“There’s nothing new under the sun.” Mama Helen used to say that to me all the time when I was growing up. That and “what goes around, comes around.” It wasn’t until I got older that I realized the saying was part of a Bible verse. It wasn’t until I got much older that I realized it was true – whether it came from the Bible or from my mom, it was true.
I distinctly remember when 1970’s platform shoes and fashion came back into fashion. It was when Little Helen was in high school so it really felt like déjà vu all over again! Made me wish I’d saved some of the stuff I had back in the day. But I digress.
Lately as I’ve been up, down, and all around with lack of progress on the weight loss front, I’ve been doing some serious soul searching. As I said before, while I have come leaps and bounds in loving me for who I am and not what I weigh, I still want to weigh less.
This deep thinking was brought on by looking though old photos of myself and realizing that I have been extremely hard on myself for most of my life and that 25 pounds ago, I looked pretty damn good. That realization is what led me to say in last Friday’s post that
Looking at those photos got me to thinking about what I did, both pre-thyroid, and the one period of time post thyroid in 2007-08 where I had some success. It’s said that if you want to be successful, you should repeat patterns where you had previously been successful. As I looked at these photos I realized that ‘my’ past success was not in strict dieting or calorie counting, it was in eating real food in smaller portions.
Strict dieting is the crazy land where my head wants to go hoping for a quick fix. I’m not a binger per se, nor do I have issues with any foods – other than the issue that I dislike liver and lima beans - but the fastest way for me to overeat is to constantly deny myself. So in looking for that middle road, I realized that in my past successes, I didn’t go for a quick fix. I simply knew I needed to reduce in order to reduce.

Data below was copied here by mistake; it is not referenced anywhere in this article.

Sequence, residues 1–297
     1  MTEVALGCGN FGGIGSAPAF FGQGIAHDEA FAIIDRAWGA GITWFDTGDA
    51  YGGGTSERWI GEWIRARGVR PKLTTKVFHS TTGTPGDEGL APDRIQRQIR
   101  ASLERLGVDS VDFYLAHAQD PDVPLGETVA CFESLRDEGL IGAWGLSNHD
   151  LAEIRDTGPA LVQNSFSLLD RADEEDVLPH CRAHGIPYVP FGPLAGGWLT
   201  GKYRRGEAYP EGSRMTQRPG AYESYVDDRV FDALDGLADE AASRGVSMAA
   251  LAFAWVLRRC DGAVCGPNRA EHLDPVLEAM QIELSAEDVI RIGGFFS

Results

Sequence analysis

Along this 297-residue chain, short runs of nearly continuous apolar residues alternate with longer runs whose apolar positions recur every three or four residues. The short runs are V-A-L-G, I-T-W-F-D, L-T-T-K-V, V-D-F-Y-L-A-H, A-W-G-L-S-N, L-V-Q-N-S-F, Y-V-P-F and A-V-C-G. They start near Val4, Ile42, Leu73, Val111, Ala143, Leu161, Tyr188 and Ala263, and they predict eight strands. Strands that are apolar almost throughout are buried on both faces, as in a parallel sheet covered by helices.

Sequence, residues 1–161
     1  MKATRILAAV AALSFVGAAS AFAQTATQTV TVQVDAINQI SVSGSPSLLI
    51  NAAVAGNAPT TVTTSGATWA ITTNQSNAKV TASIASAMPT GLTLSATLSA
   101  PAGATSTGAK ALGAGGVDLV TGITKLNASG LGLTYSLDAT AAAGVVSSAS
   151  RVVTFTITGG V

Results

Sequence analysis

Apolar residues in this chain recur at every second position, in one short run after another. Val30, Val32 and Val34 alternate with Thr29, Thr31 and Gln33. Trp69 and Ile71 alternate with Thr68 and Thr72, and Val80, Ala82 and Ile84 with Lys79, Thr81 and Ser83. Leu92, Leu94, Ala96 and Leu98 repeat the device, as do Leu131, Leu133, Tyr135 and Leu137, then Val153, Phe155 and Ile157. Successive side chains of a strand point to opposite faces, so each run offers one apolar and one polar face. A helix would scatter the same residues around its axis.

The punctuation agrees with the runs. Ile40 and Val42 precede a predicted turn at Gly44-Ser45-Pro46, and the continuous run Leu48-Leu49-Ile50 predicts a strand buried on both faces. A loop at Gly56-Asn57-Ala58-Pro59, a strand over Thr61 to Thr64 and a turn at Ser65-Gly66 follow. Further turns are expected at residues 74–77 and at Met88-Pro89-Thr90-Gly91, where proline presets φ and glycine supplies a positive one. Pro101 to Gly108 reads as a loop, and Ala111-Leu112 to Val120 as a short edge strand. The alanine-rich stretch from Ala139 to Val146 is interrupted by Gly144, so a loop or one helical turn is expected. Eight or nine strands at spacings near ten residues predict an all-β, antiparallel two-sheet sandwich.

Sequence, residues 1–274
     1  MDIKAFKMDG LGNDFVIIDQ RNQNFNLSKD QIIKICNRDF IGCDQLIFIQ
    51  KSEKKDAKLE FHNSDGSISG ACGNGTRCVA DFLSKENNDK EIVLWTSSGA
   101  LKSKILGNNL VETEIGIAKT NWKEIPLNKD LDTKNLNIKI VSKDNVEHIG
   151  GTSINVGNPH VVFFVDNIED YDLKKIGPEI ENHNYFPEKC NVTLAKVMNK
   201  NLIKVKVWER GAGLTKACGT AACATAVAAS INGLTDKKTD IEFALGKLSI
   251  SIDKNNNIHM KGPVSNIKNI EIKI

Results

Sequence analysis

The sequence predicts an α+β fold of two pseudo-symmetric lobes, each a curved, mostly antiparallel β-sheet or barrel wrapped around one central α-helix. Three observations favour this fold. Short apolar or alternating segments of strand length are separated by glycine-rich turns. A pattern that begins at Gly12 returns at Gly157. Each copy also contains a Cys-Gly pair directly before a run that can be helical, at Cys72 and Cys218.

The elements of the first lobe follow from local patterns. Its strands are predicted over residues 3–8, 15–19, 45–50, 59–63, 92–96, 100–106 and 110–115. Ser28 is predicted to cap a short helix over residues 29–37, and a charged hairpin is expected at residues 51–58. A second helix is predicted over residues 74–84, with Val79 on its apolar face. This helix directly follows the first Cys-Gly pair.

For me it’s quite simple. Eat whatever I want, but in smaller portions. What I’ve come up with is to set up some rough guidelines on how much protein, starches, fats, fruits, vegetables, dairy and extras I really need in a day. I have no idea how many calories I’m eating at all. It’s a thinking pattern that makes me look at food and think, “eat less.” For example, I ‘want’ 2 scoops of ice cream. But I also want to lose some weight. Therefore, I will have 1 scoop of ice cream today. It also makes me evaluate my overall eating pattern. If I eat a couple of eggs for breakfast and a 4 oz. chicken breast for lunch, I do not need to eat a 16 oz. porterhouse for dinner. If I really want the porterhouse, then I have a little.
I’m going on my third week of eating like this and dare I say that I felt a looseness in some slacks that 3 weeks ago were uncomfortably tight? I will admit to you that I was pretty hungry for about 4 days. This only makes sense. After all, I had been eating more even while calorie counting. That hunger has subsided now and I’m experiencing what I call ‘normal’ hunger, i.e., if I haven’t eaten in a while, I get hungry – or maybe if a previous meal was more filling, I’m not hungry for quite some time. Either way, in the long run, I have to trust the process. Experience shows me that in the past, this has been a path to success.
So what is old is new again. What I’ve done, I’m doing again. I hope in the process that I will be new again too.